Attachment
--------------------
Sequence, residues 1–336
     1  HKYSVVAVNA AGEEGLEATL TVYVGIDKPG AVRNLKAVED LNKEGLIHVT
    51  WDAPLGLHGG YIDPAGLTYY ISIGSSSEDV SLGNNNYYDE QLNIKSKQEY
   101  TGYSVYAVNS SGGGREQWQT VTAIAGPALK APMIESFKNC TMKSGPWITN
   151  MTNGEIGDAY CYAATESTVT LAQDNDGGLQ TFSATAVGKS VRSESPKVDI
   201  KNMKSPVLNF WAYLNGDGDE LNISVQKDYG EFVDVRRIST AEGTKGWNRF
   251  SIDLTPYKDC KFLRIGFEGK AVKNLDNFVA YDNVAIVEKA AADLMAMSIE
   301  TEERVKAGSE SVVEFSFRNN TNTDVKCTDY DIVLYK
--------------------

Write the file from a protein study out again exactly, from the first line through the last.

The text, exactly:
Sequence, residues 1–336
     1  HKYSVVAVNA AGEEGLEATL TVYVGIDKPG AVRNLKAVED LNKEGLIHVT
    51  WDAPLGLHGG YIDPAGLTYY ISIGSSSEDV SLGNNNYYDE QLNIKSKQEY
   101  TGYSVYAVNS SGGGREQWQT VTAIAGPALK APMIESFKNC TMKSGPWITN
   151  MTNGEIGDAY CYAATESTVT LAQDNDGGLQ TFSATAVGKS VRSESPKVDI
   201  KNMKSPVLNF WAYLNGDGDE LNISVQKDYG EFVDVRRIST AEGTKGWNRF
   251  SIDLTPYKDC KFLRIGFEGK AVKNLDNFVA YDNVAIVEKA AADLMAMSIE
   301  TEERVKAGSE SVVEFSFRNN TNTDVKCTDY DIVLYK